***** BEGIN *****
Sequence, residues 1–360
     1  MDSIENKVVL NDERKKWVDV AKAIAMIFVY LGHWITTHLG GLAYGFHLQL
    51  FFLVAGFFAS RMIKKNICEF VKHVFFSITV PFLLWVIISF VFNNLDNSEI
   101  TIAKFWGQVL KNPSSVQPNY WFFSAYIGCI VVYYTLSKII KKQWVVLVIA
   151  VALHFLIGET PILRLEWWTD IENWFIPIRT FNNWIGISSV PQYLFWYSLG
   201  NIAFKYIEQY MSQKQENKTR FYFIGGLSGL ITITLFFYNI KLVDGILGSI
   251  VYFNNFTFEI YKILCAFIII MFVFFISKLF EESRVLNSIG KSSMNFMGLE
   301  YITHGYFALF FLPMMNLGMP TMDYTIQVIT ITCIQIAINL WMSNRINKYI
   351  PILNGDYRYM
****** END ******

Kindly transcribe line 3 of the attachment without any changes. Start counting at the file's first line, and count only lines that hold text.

    51  FFLVAGFFAS RMIKKNICEF VKHVFFSITV PFLLWVIISF VFNNLDNSEI